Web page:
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Mycological Conservation

For most people, the terms wildlife or biodiversity are immediately associated with flora and fauna. Unfortunately, all too often, fungi get overlooked, and it is for this reason that fungi can rightly be considered 'the forgotten kingdom'. Forgotten they may be, but insignificant they certainly are not, outnumbering all the plants and vertebrates put together. Present in all major ecosystems, it is estimated that there may be over 1.5 million species of fungi worldwide, and that up to 90% of fungal species are as yet undiscovered.

At the European scale, it is thought that there are some 75,000 species of fungi, of which up to 20,000 species are macro-fungi. However, latest research suggests that about 2000-3000 species of fungi in Europe are now declining and at risk. This is a serious problem, for fungi have a crucial part to play in the functioning of most of the world's ecosystems. Not only are wild mushrooms a source of food for many vertebrates and invertebrates, they also fulfil several less obvious but much more important roles. It is now known that numerous fungi form essential mycorrhizal associations with plant roots, and that many of the plant species on which mankind relies could not survive without their fungal partners. These fungi aid the uptake of nutrients and water by the plants, promote root development, protect from pathogens and pollutants, and also improve soil structure.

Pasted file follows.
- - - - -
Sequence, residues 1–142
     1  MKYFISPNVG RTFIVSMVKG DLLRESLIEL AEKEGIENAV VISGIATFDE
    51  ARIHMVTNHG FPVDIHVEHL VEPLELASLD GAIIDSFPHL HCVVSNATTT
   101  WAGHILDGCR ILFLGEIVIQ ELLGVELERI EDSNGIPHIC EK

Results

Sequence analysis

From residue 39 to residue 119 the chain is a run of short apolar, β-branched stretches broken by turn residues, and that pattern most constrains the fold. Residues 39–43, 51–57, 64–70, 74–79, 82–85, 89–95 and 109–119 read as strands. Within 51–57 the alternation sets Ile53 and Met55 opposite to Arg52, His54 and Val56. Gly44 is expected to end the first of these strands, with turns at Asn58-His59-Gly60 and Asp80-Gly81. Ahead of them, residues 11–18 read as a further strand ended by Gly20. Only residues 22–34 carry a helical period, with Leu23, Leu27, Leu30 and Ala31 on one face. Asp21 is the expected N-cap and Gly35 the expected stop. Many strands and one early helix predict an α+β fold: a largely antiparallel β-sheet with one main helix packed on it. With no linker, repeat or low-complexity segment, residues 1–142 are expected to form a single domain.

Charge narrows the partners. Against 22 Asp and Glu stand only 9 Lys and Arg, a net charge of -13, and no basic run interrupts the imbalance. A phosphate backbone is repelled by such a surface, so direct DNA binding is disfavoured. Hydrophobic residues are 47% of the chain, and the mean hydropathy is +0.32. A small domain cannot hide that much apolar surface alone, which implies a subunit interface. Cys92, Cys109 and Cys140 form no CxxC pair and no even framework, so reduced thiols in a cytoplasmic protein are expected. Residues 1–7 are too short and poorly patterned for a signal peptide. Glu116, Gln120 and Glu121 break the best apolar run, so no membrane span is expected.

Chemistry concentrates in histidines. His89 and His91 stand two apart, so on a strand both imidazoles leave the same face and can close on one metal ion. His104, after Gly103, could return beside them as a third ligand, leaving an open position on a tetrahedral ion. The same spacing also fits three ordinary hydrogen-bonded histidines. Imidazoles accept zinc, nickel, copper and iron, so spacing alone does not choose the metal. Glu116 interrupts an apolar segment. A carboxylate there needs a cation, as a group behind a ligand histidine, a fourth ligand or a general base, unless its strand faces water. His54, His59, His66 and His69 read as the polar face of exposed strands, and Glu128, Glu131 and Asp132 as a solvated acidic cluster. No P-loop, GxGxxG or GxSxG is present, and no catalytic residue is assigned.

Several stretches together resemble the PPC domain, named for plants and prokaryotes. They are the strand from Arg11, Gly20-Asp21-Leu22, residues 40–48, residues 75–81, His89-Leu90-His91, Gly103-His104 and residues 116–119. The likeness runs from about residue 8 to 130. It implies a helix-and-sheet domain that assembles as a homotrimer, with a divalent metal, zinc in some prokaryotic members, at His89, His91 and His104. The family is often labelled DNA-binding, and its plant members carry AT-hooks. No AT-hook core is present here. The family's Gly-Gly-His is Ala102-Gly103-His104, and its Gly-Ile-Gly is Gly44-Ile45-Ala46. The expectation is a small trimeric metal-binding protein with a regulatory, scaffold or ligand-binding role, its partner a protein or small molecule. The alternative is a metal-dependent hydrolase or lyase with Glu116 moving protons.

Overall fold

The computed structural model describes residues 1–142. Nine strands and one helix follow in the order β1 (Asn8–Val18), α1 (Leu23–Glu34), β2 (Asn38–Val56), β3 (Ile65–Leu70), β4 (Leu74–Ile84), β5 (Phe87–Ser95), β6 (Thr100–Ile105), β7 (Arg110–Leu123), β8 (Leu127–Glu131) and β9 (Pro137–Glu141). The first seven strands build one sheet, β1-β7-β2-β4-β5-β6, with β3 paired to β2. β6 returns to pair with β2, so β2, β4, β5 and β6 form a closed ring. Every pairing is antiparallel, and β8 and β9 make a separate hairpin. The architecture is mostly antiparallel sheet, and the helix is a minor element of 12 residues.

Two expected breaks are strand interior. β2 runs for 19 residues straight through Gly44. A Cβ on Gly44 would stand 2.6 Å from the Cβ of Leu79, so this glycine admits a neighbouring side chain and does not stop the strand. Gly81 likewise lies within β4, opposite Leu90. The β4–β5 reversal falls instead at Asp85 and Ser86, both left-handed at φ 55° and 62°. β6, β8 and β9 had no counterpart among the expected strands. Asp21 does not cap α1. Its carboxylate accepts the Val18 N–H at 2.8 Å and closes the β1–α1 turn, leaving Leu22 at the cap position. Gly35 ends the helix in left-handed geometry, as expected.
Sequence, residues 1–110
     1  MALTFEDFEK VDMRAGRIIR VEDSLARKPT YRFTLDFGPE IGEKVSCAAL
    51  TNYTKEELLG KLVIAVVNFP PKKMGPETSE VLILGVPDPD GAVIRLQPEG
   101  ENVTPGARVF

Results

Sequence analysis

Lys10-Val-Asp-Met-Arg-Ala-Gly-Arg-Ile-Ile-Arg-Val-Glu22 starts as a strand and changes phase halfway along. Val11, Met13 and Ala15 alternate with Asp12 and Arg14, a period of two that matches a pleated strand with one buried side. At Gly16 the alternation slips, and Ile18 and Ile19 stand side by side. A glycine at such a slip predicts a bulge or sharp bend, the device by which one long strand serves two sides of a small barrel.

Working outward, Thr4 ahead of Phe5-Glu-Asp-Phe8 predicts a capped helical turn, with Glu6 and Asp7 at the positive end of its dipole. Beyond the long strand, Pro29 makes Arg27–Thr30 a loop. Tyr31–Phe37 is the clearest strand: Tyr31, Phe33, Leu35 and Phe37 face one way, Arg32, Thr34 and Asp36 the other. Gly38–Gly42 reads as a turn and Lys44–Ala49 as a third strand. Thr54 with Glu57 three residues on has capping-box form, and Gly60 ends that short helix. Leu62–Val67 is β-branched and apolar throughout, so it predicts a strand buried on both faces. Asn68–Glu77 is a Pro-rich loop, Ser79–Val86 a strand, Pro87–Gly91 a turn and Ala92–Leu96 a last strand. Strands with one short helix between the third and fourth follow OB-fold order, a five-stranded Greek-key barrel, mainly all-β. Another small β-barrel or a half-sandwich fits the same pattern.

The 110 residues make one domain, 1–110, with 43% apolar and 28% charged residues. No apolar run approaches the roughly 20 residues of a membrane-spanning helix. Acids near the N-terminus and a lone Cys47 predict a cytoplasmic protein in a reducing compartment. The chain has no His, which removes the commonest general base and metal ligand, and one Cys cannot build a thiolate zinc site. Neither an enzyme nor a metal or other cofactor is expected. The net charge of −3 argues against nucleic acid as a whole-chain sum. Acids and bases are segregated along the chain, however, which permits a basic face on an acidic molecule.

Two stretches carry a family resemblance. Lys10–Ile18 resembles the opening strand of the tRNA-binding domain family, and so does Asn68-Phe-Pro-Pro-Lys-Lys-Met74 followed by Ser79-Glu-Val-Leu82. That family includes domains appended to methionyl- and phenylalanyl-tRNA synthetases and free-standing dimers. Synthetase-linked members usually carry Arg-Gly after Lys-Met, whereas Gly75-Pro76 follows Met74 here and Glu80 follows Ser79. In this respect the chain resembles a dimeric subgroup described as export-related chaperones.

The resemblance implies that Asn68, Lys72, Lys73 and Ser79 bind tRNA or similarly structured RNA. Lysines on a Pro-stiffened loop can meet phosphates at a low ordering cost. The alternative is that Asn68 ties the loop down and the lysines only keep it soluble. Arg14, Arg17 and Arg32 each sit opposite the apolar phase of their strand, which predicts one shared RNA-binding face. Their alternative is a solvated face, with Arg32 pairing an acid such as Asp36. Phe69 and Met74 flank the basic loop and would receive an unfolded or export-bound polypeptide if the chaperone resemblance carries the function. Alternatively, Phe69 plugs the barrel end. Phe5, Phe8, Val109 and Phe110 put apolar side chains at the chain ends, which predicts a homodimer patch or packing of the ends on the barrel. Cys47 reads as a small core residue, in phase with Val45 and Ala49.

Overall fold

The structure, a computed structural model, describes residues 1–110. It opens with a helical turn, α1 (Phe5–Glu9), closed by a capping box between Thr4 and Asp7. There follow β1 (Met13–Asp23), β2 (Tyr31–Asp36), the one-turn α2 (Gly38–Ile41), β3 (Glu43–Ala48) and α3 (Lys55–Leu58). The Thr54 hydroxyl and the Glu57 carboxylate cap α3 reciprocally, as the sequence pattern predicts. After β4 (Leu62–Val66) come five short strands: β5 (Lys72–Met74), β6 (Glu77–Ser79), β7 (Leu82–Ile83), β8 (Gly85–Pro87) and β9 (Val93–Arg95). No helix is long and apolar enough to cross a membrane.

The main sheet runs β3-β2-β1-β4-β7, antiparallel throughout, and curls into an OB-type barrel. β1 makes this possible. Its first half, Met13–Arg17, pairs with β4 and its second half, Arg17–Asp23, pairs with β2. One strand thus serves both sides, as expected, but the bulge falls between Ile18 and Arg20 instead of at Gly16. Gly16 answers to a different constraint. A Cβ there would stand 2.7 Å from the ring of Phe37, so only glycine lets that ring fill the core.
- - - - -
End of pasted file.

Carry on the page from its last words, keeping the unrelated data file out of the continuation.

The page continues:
Evidence suggests that the decline of macro-fungi in Europe is multi-faceted, resulting from the loss of old-growth forests with their associated veteran trees and deadwood, as well as the decline and impoverishment of traditional high nature-value grasslands. In addition, pollution, climate change and over-harvesting of wild edible mushrooms are also all likely to be having a negative impact.

Because of their specialisation and important ecological functions, fungi have the potential to be excellent bio-indicator species. Unfortunately, the ecology and distribution of the majority species, remains largely unknown, making fungal research and monitoring a great priority.